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That may evolve to 'who profits/bills for testing services'.
It can be a profitable business. In the US, we try to punt
these activities off to NIST. In a global market, I don't
know who gets to bell the cat (approve the allocation of
the test mark). Although the W3C would be the authoritative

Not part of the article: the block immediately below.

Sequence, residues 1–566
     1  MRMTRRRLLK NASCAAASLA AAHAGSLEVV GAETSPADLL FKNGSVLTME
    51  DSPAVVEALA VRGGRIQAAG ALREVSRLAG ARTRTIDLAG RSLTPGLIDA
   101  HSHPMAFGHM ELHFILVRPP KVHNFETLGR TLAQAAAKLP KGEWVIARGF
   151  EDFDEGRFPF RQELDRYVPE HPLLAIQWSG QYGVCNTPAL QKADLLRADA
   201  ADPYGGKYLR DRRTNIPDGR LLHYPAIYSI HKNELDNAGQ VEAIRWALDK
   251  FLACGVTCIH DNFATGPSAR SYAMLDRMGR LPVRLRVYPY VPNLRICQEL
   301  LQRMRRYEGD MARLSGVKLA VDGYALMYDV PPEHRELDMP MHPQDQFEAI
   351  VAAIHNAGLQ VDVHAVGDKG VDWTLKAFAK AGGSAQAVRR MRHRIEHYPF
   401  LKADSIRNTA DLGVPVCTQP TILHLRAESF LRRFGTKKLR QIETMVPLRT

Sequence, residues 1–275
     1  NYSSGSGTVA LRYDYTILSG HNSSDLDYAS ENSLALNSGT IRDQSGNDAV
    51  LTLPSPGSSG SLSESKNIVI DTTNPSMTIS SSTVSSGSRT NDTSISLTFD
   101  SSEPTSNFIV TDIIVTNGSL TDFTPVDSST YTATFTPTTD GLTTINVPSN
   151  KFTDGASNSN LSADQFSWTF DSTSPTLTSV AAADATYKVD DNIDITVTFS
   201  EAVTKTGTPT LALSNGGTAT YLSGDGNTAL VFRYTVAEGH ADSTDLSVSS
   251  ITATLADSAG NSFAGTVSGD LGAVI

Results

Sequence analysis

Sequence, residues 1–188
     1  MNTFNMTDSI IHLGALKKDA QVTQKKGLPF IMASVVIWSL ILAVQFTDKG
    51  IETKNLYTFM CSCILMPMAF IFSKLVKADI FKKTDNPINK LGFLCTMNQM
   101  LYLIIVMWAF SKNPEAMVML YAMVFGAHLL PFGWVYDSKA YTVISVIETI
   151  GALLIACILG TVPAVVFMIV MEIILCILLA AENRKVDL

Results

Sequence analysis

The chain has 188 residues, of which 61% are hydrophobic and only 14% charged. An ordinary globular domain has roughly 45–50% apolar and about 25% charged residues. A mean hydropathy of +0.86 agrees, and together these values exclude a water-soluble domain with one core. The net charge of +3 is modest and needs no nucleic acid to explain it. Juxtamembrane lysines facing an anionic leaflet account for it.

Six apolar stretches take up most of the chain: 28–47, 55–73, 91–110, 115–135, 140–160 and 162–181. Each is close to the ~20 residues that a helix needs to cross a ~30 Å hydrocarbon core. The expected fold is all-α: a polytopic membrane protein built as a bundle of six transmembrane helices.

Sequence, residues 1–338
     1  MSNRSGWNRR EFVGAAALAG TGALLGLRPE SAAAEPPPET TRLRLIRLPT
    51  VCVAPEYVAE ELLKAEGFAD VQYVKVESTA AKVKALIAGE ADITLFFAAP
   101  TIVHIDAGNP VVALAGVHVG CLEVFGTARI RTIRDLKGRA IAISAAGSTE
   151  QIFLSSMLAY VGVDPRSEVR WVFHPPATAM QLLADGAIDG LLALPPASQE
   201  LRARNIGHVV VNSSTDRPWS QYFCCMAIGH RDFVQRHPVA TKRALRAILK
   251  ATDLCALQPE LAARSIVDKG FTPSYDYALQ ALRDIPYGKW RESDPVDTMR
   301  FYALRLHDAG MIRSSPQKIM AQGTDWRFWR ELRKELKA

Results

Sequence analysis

owner, nothing says they can't delegate the testing.
From: Bob Foster [mailto:email@example.com]
Jonathan Robie wrote:
> A W3C standard can't become a Recommendation without implementations.
> It's useful to have tests that show what has been correctly implemented,
> so that we can demonstrate that there really are implementations.
Yes. It would also be useful if those tests were used to develop
W3C-sanctioned test marks, so the marketplace would have some way to
tell, except by painful experience, which products actually implement